Okay. Look. We both said a lot of things that you're going to regret. But I think we can put our differences behind us. For science. You monster.
Science fiction puzzle-platform game
Portal 2 is the sequel to the award winning and hugely successful Portal developed by Valve Corporation. It features a single-player story set after the events of Portal's story; and a brand-new Co-op game mode, featuring additional test chambers designed specifically for Co-operative play. Portal 2 was released April 19, 2011 on the Steam platform. Retail release in North America started on April 19, 2011; and later, Europe and Australia on April 21, 2011.
Portal 2 had some updates since...
- 1 Plot
- 2 Development
- 3 Release
- 4 Post-release
- 5 Single-player
- 6 Cooperative Testing Initiative
- 7 Achievements
- 8 Speedrunning
- 9 Mods
- 10 Bugs/Glitches which aren't map specific
- 11 Gallery
- 12 Trivia
- 13 See also
- 14 References
Portal 2 takes place an indeterminate amount of time, somewhere between 50 and 50,000 years, after the events of Portal, which saw Chell destroying the sentient computer GLaDOS, and landing outside the facility, only to be dragged back inside of Aperture Science where she was ultimately placed in a Relaxation Chamber by Doug Rattmann for the indefinite future.
After considerable time has passed, Wheatley, a personality core, that has helped to maintain Aperture Science during the absence of GLaDOS arrives at the room of the awakening Chell. With a desire to flee the crumbling facility, Wheatley and Chell begin their quest to escape Aperture Science to return to the real world. After separating from Wheatley and completing a series of tests revisited from Portal, Chell reunites with Wheatley and head to what they believe will be escape. They must cross through the chamber of GLaDOS who lies broken and dismembered on the floor of her chamber, they enter the breaker room looking for a way out, and instead accidentally reactivate GLaDOS. They rise up through the floor just in time to witness GLaDOS pulling herself back together and taking over the facility again. Chell and GLaDOS quickly reunite, culminating with GLaDOS using a robotic arm to drop Chell into the incinerator, and guiding her back towards a new series of tests that GLaDOS intends to force Chell to run continuously until she dies.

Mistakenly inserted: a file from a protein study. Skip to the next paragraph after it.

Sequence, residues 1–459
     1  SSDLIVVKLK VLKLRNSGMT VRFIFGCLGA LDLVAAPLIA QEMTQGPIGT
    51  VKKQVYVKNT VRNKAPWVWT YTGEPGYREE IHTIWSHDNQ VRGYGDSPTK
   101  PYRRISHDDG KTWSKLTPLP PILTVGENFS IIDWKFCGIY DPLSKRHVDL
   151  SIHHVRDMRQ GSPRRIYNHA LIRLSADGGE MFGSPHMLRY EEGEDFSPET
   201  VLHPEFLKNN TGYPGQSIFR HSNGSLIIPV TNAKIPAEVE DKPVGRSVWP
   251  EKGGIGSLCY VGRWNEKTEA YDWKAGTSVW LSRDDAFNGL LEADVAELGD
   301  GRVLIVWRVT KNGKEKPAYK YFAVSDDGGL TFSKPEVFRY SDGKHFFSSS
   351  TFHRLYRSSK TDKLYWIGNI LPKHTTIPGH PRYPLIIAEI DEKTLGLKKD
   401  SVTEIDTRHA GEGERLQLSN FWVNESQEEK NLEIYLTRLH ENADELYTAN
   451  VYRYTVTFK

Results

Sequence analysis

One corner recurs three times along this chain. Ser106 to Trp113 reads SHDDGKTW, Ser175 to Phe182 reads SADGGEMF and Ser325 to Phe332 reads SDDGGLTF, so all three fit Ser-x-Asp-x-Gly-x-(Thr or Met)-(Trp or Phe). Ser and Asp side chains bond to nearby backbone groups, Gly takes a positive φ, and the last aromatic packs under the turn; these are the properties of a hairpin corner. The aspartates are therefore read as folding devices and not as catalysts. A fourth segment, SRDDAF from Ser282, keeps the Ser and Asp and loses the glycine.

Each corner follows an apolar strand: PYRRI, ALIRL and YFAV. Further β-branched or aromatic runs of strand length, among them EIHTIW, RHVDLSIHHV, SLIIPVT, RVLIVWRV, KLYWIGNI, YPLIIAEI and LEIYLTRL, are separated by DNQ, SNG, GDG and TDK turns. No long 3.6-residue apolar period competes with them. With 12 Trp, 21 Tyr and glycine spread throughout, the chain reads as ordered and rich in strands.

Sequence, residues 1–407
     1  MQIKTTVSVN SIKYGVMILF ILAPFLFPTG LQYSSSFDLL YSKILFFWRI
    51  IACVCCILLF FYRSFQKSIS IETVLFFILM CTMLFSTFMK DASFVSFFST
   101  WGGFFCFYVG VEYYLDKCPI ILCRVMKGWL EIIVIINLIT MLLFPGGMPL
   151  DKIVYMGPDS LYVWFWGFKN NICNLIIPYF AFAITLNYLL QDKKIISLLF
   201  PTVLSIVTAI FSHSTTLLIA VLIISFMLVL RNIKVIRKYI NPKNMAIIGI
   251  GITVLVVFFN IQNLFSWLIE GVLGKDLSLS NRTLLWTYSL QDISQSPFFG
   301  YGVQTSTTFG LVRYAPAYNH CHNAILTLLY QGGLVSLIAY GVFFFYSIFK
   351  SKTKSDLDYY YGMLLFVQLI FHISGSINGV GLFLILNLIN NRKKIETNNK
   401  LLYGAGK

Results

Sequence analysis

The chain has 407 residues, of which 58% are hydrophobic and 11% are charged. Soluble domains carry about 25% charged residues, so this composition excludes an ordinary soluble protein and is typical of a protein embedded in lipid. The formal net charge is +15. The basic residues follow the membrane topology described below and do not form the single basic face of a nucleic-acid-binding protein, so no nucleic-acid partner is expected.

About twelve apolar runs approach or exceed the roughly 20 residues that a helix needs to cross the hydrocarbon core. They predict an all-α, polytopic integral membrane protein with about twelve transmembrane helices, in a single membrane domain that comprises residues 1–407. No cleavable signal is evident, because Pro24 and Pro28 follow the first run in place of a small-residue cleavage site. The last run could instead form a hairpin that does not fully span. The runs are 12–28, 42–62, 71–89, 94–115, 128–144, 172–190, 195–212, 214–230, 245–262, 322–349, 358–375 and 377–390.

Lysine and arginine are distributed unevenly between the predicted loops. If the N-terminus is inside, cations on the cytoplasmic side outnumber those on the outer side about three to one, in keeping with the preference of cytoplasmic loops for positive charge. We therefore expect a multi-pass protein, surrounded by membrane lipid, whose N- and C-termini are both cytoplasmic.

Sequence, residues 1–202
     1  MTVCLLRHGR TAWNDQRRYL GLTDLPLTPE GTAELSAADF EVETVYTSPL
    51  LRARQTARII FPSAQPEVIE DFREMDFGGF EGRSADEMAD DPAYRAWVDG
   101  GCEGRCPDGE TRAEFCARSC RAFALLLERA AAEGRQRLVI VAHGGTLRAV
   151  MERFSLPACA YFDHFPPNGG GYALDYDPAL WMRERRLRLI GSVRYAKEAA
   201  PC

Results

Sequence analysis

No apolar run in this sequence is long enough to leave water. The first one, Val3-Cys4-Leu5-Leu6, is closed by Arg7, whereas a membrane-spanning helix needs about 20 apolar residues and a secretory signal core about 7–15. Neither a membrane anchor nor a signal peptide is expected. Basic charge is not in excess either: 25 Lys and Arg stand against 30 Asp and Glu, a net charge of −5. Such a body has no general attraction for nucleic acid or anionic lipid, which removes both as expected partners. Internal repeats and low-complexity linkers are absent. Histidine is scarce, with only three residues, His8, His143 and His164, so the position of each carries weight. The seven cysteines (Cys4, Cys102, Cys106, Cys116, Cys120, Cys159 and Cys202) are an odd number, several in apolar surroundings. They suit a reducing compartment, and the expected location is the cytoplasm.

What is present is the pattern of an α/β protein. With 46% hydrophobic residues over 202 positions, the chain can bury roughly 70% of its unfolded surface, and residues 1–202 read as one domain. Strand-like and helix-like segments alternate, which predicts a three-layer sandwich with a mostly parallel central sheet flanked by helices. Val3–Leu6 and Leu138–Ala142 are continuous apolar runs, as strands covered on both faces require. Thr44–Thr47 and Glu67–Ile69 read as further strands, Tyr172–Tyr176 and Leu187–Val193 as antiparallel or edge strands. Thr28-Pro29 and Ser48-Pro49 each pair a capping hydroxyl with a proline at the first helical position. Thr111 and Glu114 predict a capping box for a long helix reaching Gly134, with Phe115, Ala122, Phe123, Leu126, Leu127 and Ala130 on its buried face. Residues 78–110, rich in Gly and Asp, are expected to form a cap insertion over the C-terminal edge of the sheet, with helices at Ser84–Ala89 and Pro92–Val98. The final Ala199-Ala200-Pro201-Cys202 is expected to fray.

Meanwhile, Wheatley attempts to find a way to get out from under GLaDOS and continue their attempt to escape facility, with Chell's help, he intends to disable her turret production line, disable her Deadly Neurotoxin and then shut her down once again to facilitate their escape. He reunites with Chell and they escape through the bowels of the building. After achieving their goals and enter GLaDOS' now rebuilt chamber, the computer system detects an alternate core and begins the process of a core transfer, which GLaDOS promptly refuses, prompting the Stalemate Button to be activated. Chell works her way to the button, finally hitting it, which then swaps out the cores of GLaDOS and Wheatley. Wheatley, corrupt with the power from the entire facility of Aperture, quickly turns on Chell, and shoves GLaDOS into a potato battery as revenge. He knocks them down an elevator shaft where they fall to the remnants of the previous incarnation of the Aperture facility.
GLaDOS (in potato form), has now informed Chell that Wheatley was designed to make extremely poor decisions, in order to turn GLaDOS into somewhat of a moron in an effort to control and dampen her homicidal tendencies. She informs Chell that Wheatley's lack of stability is going to cause the destruction of Aperture Science killing everyone and everything inside the facility. Before Chell can decide whether or not to help, GLaDOS is swooped away by a bird and Chell heads off to attempt to find a way back into the primary facility.
Chell uncovers the remnants of a 1950's Aperture Science guided by the voice of the now deceased Aperture Science founder Cave Johnson. She enters a series of tests, often having to navigate between them in unconventional ways due to the deterioration of the lower facility. At this time we learn of Cave Johnson's secretary/assistant, Caroline, of whom Cave is rather fond. Chell reunites with GLaDOS in the nest of the bird that took her. GLaDOS, insistent that she can't lie with only 1.1 volts of power, implores Chell to take her with her to put her back in her body and stop Wheatley from destroying the facility. Chell ultimately agrees and attaches GLaDOS to her Aperture Science Handheld Portal Device and they continue to try to find a path towards the upper facility.